Laboratory feeding studies were conducted to determine the effects on Orius insidiosus nymphs of feeding on 1-d-old European corn borer, Ostrina nubilalis (Hübner), larvae that had ingested a diet containing Bt toxins. A commercial formulation of Bacillus thuringiensis subsp kurstaki (Dipel ES) was incorporated into a meridic diet used to feed European corn borer larvae; they then were offered as food to O. insidiosus nymphs. Immediately after adult eclosion, O. insidiosus sex was determined, body weight and length were measured, and developmental time was calculated. Another feeding study was conducted to determine the effect of Bt corn silk on mortality of immature O. insidiosus. Fresh silks of Bt and non-Bt corn plants were offered to O. insidiosus nymphs until they reached adulthood. Mortality counts were made daily. Finally, visual counts of O. insidiosus were made on Bt and non-Bt corn in fields at three locations in Kansas. The numbers of O. insidiosus nymphs and adults were recorded on 40 plants per location on two sampling dates. No significant differences occurred in developmental time, body weight, or body length of mature O. insidiosus or mortality of immature O. insidiosus when reared on European corn borer larvae that had fed on a diet containing Dipel ES. The nymphs feeding only on Bt or non-Bt corn silk suffered 100% mortality. No significant difference occurred in mortality of immature O. insidiosus when they were fed on Bt or non-Bt silk one day and on corn earworm eggs the next day. Numbers of O. insidiosus adults and nymphs in fields of Bt corn and non-Bt corn did not differ significantly in most cases. Our results suggest that Bt corn does not have a significant effect on the predator O. insidiosus.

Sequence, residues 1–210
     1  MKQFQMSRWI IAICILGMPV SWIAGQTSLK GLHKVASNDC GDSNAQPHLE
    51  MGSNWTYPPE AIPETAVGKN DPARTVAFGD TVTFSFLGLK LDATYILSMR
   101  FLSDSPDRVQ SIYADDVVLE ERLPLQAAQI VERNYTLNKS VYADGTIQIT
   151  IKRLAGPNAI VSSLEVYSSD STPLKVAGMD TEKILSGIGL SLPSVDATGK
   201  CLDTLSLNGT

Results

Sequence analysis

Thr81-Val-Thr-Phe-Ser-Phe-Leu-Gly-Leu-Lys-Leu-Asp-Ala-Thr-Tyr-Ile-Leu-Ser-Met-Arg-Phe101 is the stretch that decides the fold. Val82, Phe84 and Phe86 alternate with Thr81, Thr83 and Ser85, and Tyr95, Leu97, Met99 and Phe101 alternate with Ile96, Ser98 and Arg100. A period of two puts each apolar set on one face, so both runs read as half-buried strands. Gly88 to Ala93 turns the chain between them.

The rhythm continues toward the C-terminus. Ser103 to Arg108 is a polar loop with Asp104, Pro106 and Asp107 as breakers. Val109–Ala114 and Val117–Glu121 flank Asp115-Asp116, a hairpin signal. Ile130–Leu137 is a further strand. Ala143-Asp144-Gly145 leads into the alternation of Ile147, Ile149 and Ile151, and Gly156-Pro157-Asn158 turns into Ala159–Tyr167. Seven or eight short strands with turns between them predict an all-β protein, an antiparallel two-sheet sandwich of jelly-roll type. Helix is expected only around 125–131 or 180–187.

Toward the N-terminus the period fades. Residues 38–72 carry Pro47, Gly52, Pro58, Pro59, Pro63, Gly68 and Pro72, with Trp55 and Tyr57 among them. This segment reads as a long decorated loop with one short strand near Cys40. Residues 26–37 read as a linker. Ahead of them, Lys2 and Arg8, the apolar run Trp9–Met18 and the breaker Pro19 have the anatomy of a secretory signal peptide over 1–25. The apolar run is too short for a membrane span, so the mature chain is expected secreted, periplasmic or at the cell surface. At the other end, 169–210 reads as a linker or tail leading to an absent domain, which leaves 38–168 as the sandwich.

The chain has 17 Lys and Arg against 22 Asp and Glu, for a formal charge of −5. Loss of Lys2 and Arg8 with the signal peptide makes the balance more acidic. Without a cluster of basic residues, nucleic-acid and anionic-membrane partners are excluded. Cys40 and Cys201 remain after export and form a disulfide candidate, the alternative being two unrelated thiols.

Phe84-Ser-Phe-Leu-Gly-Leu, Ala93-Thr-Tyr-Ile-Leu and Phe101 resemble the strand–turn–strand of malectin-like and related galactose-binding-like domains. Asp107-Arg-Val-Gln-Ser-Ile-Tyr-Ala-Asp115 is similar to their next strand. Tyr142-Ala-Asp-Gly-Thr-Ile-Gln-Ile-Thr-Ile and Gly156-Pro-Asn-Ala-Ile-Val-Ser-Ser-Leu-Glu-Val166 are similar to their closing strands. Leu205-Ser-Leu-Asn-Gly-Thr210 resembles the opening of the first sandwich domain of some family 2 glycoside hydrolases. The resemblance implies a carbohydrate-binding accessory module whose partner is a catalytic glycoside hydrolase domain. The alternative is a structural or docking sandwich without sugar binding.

insidious flower bug